It is June and nearly half of the year is over, marking the middle between Christmas 2018 and 2019. Last year in autumn, I’ve published a blog post about predicting Wham’s «Last Christmas» search volume using Google Trends data with different types of neural network architectures. Of course, now I want to know how good the predictions were, compared to …
In my last blog post, I have elaborated on the Bagging algorithm and showed its prediction performance via simulation. Here, I want to go into the details on how to simulate the bias and variance of a nonparametric regression fitting method using R. These kinds of questions arise here at STATWORX when developing, for example, new machine learning algorithms or …
Do you want to optimise your code but don’t know where to start? In this post I guide you through my thought process when I optimised my code.
In our series of explaining method in 100 lines of code, we tackle random forest this time! We build it from scratch and explore it’s functions.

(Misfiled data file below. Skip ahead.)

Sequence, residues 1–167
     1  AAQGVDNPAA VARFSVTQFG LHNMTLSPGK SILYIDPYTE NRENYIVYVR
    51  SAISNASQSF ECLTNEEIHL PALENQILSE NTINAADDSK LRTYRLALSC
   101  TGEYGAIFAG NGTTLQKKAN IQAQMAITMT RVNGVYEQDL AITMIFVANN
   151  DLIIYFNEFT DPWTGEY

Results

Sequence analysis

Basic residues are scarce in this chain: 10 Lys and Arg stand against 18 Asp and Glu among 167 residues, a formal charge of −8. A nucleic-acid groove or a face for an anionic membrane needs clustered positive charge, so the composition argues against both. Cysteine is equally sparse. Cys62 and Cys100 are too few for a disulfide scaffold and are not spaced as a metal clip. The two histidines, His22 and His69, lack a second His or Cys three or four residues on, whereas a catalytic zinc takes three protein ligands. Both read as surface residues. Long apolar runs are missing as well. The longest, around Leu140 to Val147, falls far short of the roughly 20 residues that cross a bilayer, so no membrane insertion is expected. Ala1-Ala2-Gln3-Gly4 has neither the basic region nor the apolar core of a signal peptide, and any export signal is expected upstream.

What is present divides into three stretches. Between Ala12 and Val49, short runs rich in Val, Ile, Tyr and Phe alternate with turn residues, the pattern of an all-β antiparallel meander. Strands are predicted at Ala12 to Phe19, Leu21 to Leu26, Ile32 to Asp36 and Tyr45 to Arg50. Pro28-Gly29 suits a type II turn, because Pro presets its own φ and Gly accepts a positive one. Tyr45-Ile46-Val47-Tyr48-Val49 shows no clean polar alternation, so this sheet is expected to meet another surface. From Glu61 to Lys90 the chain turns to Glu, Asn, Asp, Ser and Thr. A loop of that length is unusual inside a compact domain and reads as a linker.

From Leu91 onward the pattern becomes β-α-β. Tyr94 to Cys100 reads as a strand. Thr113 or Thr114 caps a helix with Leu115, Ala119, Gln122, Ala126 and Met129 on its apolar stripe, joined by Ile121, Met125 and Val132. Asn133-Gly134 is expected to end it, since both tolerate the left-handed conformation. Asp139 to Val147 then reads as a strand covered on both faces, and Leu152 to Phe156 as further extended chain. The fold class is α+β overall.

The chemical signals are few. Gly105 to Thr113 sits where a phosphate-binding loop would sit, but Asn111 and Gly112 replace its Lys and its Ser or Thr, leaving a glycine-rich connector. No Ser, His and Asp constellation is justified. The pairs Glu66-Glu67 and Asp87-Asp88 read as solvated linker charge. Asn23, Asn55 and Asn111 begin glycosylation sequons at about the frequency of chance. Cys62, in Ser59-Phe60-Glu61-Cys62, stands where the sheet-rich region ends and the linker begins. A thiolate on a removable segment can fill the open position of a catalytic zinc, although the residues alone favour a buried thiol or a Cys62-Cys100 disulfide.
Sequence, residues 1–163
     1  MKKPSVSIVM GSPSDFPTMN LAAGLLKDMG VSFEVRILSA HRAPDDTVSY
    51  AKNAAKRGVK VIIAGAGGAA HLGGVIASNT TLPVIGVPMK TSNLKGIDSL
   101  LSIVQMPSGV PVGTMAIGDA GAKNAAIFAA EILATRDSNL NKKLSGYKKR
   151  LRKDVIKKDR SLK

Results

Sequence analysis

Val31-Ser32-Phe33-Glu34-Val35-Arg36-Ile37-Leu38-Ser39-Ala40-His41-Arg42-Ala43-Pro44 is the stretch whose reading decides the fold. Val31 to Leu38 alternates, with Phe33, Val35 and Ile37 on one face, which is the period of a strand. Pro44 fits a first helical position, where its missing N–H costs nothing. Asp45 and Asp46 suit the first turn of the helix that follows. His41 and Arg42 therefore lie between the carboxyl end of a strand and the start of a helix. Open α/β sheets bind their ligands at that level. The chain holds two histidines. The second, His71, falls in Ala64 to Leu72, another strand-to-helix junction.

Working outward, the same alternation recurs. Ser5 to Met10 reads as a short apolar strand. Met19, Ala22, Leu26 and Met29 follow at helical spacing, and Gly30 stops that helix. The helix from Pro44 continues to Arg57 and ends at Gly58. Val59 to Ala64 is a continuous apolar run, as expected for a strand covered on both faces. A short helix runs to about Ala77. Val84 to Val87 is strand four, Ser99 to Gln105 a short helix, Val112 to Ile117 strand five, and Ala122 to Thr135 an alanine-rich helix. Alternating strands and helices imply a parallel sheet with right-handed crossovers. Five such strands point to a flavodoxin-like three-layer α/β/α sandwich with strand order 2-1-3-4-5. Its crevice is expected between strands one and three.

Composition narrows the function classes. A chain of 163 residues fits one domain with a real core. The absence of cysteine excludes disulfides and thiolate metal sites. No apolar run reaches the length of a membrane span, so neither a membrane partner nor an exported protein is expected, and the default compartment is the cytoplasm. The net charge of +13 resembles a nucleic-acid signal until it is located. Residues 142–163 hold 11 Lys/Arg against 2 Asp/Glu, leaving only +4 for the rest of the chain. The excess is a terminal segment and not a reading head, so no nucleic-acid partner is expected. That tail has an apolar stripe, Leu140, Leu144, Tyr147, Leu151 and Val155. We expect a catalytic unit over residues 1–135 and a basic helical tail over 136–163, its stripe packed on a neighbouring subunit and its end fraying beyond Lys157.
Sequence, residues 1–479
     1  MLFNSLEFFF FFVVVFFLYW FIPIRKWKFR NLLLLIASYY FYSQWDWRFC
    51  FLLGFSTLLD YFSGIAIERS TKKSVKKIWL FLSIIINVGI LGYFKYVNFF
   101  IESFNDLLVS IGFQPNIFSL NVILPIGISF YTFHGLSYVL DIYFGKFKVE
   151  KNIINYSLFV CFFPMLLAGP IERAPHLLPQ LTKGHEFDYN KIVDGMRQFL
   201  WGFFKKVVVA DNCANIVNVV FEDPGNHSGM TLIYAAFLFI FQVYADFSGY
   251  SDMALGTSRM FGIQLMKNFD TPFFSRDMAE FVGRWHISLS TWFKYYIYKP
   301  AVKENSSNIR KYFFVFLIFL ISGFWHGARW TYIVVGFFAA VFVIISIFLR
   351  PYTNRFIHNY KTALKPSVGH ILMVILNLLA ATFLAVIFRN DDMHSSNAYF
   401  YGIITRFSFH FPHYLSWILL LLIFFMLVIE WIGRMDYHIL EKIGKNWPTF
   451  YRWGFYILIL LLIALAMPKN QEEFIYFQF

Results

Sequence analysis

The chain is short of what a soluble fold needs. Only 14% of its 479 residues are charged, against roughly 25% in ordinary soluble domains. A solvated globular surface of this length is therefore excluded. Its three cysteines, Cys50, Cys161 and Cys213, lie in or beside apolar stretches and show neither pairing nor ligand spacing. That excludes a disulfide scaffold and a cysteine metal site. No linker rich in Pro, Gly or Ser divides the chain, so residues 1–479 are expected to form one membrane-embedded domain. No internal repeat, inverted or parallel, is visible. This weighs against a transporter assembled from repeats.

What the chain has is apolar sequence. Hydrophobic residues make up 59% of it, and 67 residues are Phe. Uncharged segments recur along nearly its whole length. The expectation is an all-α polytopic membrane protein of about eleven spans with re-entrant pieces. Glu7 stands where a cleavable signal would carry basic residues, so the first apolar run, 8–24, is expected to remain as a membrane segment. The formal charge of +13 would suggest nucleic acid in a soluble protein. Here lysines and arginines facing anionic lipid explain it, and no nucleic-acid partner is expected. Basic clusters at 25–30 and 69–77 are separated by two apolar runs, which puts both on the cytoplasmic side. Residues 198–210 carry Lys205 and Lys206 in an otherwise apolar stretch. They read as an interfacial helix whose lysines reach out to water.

Could you #BeatTheAI? We let deep learning have a go at Super Mario’s first level and compared it to human players. Here we explain how we did it!
Is it cheaper to fill up your gas tank in the evening? Many car drivers have their own theories and myths about refuelling. Our colleague Jakob tackled 6 of these myths using statistics in his latest blog post.
In this blog post, we focus on automated bash/shell scripts to create docker containers. We showcase its usage with an R-shiny example.
Our latest tool development at STATWORX: random boost, an algorithm twice as fast as gradient boosting, with comparable prediction performance.
We at STATWORX use mostly R or Python for our projects. But why not both? With the help of the reticulate package we can use Python within R. Here we show an example of how to train a Support Vector Machine.
In today’s blog post, we show you how to improve the interactivity of Plotly histograms with automatically new rebinning.